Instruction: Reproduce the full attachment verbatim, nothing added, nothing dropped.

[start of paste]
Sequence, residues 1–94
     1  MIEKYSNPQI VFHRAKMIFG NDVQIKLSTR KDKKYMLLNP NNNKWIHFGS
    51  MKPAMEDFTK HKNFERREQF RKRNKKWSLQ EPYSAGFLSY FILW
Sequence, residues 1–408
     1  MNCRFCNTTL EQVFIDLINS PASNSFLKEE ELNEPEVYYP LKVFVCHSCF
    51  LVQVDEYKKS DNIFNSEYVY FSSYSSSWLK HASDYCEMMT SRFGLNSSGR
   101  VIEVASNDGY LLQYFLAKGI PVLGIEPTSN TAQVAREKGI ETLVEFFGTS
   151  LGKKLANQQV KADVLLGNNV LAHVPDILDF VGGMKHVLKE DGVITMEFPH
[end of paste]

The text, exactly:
Sequence, residues 1–94
     1  MIEKYSNPQI VFHRAKMIFG NDVQIKLSTR KDKKYMLLNP NNNKWIHFGS
    51  MKPAMEDFTK HKNFERREQF RKRNKKWSLQ EPYSAGFLSY FILW
Sequence, residues 1–408
     1  MNCRFCNTTL EQVFIDLINS PASNSFLKEE ELNEPEVYYP LKVFVCHSCF
    51  LVQVDEYKKS DNIFNSEYVY FSSYSSSWLK HASDYCEMMT SRFGLNSSGR
   101  VIEVASNDGY LLQYFLAKGI PVLGIEPTSN TAQVAREKGI ETLVEFFGTS
   151  LGKKLANQQV KADVLLGNNV LAHVPDILDF VGGMKHVLKE DGVITMEFPH